Nuclear spin is important in NMR and MRI because it involves atomic nuclei interacting with magnetic fields. In medicine and biology, NMR and MRI are frequently employed to examine the structure and function of biological molecules and tissues. In these approaches, the most typically investigated nuclei are hydrogen (protons) and carbon-13.
Nuclear spin alters biological processes, contrary to long-held assumptions, according to researchers. They discovered that in chiral settings, certain isotopes behave differently, influencing oxygen dynamics and transport. This discovery has the potential to advance biotechnology, quantum biology, and NMR technology, with applications in isotope separation and medical imaging.
A research team led by Prof. Yossi Paltiel at the Hebrew University of Jerusalem with groups from HUJI, Weizmann and IST Austria new study reveals the influence of nuclear spin on biological processes. This discovery challenges long-held assumptions and opens up exciting possibilities for advancements in biotechnology and quantum biology.
Our research shows that nuclear spin plays an important role in biological processes, suggesting that manipulating it could lead to groundbreaking applications in biotechnology and quantum biology. This could potentially revolutionize isotopic fractionation processes and unlock new possibilities in fields such as NMR.Prof. Yossi Paltiel
For a long time, scientists assumed that nuclear spin had no effect on biological activities. Recent study, however, has revealed that certain isotopes act differently due to their nuclear spin. The researchers concentrated on stable oxygen isotopes (16O, 17O, and 18O) and discovered that nuclear spin has a major impact on oxygen dynamics in chiral settings, particularly in its transport.
The discoveries, which were published in the Proceedings of the National Academy of Sciences (PNAS), have implications for regulated isotope separation and have the potential to revolutionize nuclear magnetic resonance (NMR) technology.
The lead researcher, Prof. Yossi Paltiel, expressed excitement about the significance of these results. “Our research shows that nuclear spin plays an important role in biological processes, suggesting that manipulating it could lead to groundbreaking applications in biotechnology and quantum biology. This could potentially revolutionize isotopic fractionation processes and unlock new possibilities in fields such as NMR.”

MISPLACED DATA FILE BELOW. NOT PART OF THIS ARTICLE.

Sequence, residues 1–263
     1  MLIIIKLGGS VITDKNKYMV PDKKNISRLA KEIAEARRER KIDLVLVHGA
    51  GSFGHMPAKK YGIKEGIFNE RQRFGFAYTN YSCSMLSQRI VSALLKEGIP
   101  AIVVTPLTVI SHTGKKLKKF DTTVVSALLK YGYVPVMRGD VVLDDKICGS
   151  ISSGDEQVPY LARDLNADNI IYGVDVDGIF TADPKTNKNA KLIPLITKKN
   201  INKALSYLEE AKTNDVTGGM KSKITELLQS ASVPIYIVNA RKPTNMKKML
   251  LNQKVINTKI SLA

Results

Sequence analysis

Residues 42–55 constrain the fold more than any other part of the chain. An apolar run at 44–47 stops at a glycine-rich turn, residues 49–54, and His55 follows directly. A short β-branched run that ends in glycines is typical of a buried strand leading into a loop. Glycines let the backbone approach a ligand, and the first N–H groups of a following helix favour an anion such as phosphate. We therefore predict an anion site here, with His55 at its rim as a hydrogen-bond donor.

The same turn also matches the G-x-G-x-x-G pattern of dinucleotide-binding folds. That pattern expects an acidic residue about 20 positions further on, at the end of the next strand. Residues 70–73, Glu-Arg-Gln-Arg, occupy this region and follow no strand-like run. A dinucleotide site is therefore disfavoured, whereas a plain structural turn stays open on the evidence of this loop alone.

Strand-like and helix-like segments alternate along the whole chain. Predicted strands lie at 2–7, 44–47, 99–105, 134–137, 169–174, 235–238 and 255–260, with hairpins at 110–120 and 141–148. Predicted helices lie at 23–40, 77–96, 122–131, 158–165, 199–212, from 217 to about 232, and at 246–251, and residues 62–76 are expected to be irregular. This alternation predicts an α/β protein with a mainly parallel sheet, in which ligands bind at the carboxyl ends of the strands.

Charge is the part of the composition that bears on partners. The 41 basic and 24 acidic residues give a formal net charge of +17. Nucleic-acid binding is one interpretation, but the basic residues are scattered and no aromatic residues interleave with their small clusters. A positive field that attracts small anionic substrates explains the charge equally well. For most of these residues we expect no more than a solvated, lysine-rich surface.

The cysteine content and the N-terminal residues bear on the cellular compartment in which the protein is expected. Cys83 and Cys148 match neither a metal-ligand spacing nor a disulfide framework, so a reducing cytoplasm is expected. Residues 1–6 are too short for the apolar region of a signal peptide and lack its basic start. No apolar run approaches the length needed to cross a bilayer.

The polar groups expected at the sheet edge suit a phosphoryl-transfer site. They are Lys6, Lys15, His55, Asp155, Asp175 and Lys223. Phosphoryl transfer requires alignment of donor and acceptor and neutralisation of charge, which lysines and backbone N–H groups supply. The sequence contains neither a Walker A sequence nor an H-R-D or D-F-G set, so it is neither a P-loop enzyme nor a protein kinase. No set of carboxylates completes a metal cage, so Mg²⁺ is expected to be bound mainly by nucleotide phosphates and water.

The story in detail
Researchers have been investigating the “strange” behavior of small particles in living things, financing several areas where quantum influences alter biological systems. For example, investigating bird navigation quantum effects may aid some birds in navigating great distances. Quantum factors influence how efficiently plants use sunlight for energy.
This link between the small world of particles and living beings most likely dates back billions of years, when life first evolved and molecules with a unique structure known as chirality appeared. Chirality is vital because only molecules with the proper shape can perform the functions required by living beings.
The link between chirality quantum mechanics was found in “spin,” which is like a tiny magnetic property. Chiral molecules can interact differently with particles based on their spin, creating something called Chiral Induced Spin Selectivity (CISS).
Spin influences microscopic particles like electrons in life processes involving chiral compounds, according to scientists. They sought to see if spin affected bigger particles, such as ions and molecules, which serve as the foundation for biological transport. So they conducted experiments with water particles with varying spins. When chiral compounds are present, the data reveal that spin effects how water behaves in cells, with water arriving at different rates and reacting in a unique way.
This study emphasizes the significance of spin in life processes. Understanding and managing spin may have a significant impact on how living things function. It may also aid in the advancement of medical imaging and the development of new treatments for disorders.